6. 5 out of 5

    Jnz

    endless struggle. woman's oppression in the society, dilemma of teenagers trying to prove that they have something to say, tyranny of the fathers at home. girl power... endless struggle. woman's oppression in the society, dilemma of teenagers trying to prove that they have something to say, tyranny of the fathers at home. girl power...

  7. 5 out of 5

    Ivy Catherine

    3.5 changed to 4 stars yeah... it deserves that +.5

  8. 4 out of 5

    Violeta

    NO to Martial law! It can make and unmake a family towards communism. Hala Ka!

  9. 4 out of 5

    George Gonzaga Deoso

    An important novel and historical artifact.

  10. 5 out of 5

    May

    I had to read "Dekada '70" back in college as an assignment, but thankfully, it turned out to be a good read...The book, I believe, gives good insights to the perils of martial law...But more importantly, I think the book tells more of a woman's "enlightenment" and journey to "self-empowerment"... On a personal note, I remember lending it to my mom. When she returned it to me, she said the book made her paranoid a couple of hours after having read it. Apparently, she was on duty when went throug I had to read "Dekada '70" back in college as an assignment, but thankfully, it turned out to be a good read...The book, I believe, gives good insights to the perils of martial law...But more importantly, I think the book tells more of a woman's "enlightenment" and journey to "self-empowerment"... On a personal note, I remember lending it to my mom. When she returned it to me, she said the book made her paranoid a couple of hours after having read it. Apparently, she was on duty when went through the book (she was alone, too), and she said she became somewhat scared for her children. You see, "Dekada '70" is also a story of a mother of five young sons (her name is Amanda Bartolome). As a mother, Amanda experienced a lot of gruelling and tumultuous moments involving her sons. Thus, Amanda had to learn how to cope with changes not only within her family but changes in the society they are living in and how it affected her family...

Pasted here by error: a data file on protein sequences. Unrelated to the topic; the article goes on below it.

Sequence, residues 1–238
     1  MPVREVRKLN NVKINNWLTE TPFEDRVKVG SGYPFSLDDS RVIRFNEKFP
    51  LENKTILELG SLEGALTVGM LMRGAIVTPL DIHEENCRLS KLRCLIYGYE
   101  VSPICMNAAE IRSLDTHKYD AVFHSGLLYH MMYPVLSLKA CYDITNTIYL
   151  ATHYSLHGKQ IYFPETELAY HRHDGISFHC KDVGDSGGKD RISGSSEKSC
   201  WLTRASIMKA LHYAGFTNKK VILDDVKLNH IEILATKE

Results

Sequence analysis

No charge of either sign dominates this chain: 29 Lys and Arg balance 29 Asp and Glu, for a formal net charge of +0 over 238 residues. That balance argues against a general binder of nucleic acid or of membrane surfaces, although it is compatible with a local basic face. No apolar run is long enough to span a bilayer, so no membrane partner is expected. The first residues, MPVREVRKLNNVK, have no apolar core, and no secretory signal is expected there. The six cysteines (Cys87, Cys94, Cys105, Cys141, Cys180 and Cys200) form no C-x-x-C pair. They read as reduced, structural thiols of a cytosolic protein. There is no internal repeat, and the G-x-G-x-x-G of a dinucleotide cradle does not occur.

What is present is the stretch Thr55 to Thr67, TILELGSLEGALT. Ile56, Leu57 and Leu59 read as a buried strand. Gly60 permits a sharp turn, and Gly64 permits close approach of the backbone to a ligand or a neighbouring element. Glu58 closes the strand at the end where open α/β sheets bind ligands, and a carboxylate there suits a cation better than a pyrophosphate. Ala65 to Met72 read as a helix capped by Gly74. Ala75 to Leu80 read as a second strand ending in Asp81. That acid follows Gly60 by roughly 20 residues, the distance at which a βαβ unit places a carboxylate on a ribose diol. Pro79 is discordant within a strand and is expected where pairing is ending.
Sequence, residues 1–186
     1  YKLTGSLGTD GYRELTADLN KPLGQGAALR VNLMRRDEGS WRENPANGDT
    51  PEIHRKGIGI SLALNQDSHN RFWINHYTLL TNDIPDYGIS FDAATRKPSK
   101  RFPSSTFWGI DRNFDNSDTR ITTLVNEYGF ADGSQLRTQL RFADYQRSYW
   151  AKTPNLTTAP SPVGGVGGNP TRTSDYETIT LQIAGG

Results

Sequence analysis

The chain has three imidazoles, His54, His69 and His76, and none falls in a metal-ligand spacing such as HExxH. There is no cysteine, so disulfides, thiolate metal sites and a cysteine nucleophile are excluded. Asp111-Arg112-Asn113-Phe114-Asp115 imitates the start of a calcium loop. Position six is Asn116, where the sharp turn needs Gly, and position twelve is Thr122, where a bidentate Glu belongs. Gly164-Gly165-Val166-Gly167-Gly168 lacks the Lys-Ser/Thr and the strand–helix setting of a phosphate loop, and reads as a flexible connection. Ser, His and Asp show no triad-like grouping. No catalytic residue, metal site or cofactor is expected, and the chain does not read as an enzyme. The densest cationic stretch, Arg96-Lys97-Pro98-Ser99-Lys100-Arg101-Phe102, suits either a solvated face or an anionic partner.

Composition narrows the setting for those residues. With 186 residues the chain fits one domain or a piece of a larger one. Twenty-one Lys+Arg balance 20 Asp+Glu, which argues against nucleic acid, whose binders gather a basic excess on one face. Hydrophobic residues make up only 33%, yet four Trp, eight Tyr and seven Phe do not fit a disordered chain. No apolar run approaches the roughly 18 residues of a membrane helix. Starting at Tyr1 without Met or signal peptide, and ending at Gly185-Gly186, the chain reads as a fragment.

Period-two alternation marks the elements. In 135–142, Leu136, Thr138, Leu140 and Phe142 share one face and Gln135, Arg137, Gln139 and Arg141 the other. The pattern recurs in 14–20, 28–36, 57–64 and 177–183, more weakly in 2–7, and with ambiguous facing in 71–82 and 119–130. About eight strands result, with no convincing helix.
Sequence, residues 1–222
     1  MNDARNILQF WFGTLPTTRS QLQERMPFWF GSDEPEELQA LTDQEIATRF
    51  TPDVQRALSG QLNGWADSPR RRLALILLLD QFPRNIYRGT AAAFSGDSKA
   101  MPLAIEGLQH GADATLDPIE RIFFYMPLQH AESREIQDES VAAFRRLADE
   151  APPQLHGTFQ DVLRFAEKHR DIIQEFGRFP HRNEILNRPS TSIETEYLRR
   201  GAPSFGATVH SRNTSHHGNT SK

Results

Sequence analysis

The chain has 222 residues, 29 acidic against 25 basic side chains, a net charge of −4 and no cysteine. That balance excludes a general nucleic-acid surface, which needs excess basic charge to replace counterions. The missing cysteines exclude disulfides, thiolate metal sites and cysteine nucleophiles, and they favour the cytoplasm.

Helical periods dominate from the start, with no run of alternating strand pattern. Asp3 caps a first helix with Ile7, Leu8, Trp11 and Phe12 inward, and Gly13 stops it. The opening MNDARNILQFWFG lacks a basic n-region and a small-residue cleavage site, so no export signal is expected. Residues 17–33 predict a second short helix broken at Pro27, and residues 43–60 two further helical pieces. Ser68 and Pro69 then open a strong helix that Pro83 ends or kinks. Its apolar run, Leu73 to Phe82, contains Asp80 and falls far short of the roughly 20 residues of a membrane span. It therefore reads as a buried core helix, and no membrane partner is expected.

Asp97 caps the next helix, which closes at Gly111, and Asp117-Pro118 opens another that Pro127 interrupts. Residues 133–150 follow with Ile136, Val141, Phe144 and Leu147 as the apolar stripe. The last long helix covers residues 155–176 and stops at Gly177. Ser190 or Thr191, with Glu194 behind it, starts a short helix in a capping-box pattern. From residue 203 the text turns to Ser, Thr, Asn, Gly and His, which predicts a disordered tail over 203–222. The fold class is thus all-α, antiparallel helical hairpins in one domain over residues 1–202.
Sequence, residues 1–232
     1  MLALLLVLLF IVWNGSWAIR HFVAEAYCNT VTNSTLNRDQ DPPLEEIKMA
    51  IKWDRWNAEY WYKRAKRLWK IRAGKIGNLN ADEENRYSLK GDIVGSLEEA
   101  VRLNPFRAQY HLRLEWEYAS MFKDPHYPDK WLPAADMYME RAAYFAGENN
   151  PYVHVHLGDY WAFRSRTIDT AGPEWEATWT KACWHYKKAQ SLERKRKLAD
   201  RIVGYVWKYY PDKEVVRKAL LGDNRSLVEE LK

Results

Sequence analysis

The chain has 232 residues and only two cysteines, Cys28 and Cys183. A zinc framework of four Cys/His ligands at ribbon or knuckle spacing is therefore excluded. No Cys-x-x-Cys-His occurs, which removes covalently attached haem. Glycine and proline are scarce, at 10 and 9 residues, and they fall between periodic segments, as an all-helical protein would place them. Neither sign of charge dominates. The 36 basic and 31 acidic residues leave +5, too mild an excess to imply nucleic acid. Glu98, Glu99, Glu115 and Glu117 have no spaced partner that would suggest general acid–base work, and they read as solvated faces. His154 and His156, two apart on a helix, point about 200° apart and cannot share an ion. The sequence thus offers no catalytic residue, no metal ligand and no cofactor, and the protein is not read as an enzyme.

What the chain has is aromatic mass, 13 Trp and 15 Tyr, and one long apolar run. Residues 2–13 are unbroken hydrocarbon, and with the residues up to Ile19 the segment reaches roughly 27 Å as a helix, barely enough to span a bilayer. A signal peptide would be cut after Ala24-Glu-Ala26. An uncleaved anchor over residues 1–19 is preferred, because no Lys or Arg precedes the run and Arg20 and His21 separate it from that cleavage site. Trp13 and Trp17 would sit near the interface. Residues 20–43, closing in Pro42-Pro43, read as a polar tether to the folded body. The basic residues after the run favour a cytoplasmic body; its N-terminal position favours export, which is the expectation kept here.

11. 5 out of 5

    Mirvan. Ereon

    I like the simplicity of this book. This is very accessible to any reader. I love the way it is so short and yet full of startling and sometimes unsettling scenes. I learned a lot of how things used to be when Martial Law was implemented. Besides, I do admire this great writers works. L love the succinct way of her storytelling, but the impact it gives are very good.

  12. 4 out of 5

    Bea

    It's a great political book. Although I haven't watched the movie yet, the book by itself represents how a Filipino should view his/her country. Dapat mahalin ang bansa hindi lang dahil sa isang militante. It's a great political book. Although I haven't watched the movie yet, the book by itself represents how a Filipino should view his/her country. Dapat mahalin ang bansa hindi lang dahil sa isang militante.

  13. 5 out of 5

    Christina Aguilar